I thank the hon. Gentleman for his point of order. In this morning's Order Paper, there was an error regarding the motion for an address. The amendment to it in the name of the leader of the Scottish National party, which appeared yesterday, was not reprinted. A corrected version of item 3 on today's Order Paper has been placed in the Vote Office.
On a point of order, Mr. Speaker. You and I have been in the House a considerable time. We both enjoy a robust debate in the House but every Member deserves to be heard in the House. Although there is a fair level of activity in any debate, which we all understand, when an orchestrated group tries to stop a Member in the House from being heard, that is a serious concern. Towards the end of last evening, there was a clear, organised attempt—we used to call it talking among ourselves—to disrupt speeches. We always have to speak in polite terms, but now that we have gone back to silly hours on Tuesday nights, there is a great temptation for Members here to enjoy a good dinner. [Hon. Members: "Oh!"] The mixture last night—
Order. That is not really a point of order. Let me tell the hon. Gentleman that I have noticed at times that he interrupts speeches, and I have had a bit of judicious deafness in that respect. He has given me an opportunity to say that it is good manners to listen to Members at all times. If Members want to enter into private conversations, they should go outside the Chamber. I have put that on the record as much as any Speaker.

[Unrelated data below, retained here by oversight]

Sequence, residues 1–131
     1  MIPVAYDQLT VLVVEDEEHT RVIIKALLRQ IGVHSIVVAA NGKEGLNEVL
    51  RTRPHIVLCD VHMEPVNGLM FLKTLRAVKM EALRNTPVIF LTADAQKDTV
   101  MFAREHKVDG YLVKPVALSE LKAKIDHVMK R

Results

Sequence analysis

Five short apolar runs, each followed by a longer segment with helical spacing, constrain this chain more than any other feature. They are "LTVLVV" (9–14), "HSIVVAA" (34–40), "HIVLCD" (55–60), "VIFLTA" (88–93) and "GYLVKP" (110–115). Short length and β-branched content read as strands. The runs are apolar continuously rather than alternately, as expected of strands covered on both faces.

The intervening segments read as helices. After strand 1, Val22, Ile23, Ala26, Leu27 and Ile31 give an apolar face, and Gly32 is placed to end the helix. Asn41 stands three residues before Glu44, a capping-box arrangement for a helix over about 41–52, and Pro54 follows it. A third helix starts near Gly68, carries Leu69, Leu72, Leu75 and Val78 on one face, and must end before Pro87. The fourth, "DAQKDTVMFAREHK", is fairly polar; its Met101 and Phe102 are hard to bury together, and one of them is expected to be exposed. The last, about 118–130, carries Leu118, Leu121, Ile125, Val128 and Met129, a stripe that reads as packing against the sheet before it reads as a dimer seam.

On a point of order, Mr. Speaker. As recently as last week you urged Ministers to make their announcements to the House rather than to the media. Over the weekend, the Chancellor of the Exchequer and the Deputy Prime Minister heavily trailed their plans for shared home ownership, and a press release today from the Office of the Deputy Prime Minister precedes a written ministerial statement referring to documents that are not available in the House of Commons Library—I have just checked. Does not that show complete contempt for the House and will you support my efforts to get that issue, which was originally our policy, properly debated?
I understand that there has been a written statement. Let me clarify my position. It is bringing information to the House that is important. Let me say to the hon. Lady, who is a member of Her Majesty's Opposition, that I will, of course, always consider urgent questions. If things have been said in the media, perhaps over the weekend, that does give me a feeling that the Minister concerned must come to the House. I hope that that is helpful to the hon. Lady.
On a point of order, Mr. Speaker. During International Development questions today and, to a certain extent, during Prime Minister's questions, it was impossible in certain parts of the House to hear the debate. It was not so much because of the normal ambient noise, no matter how much we may not like that ambient noise, as because some of the speakers were not working and the amplification system is faulty. It was faulty yesterday, too. May I ask that perhaps over this coming week it be looked at and repaired?
The hon. Gentleman has a valid point. Just before I left to come to the Chamber the Serjeant at Arms told me that work would take place over the weekend, and perhaps the recess if necessary.
Further to the point of order made by Mrs. Spelman, Mr. Speaker, you were robust in the last Parliament and said that if there were a ministerial announcement, it should be made here first, with the press statement coming later. The hon. Lady said that things had been done in the wrong order today, and it would be helpful if you confirmed your statement of the last Parliament.
In this Parliament, before the House was kind enough to re-elect me, I confirmed my position—and I stand by that.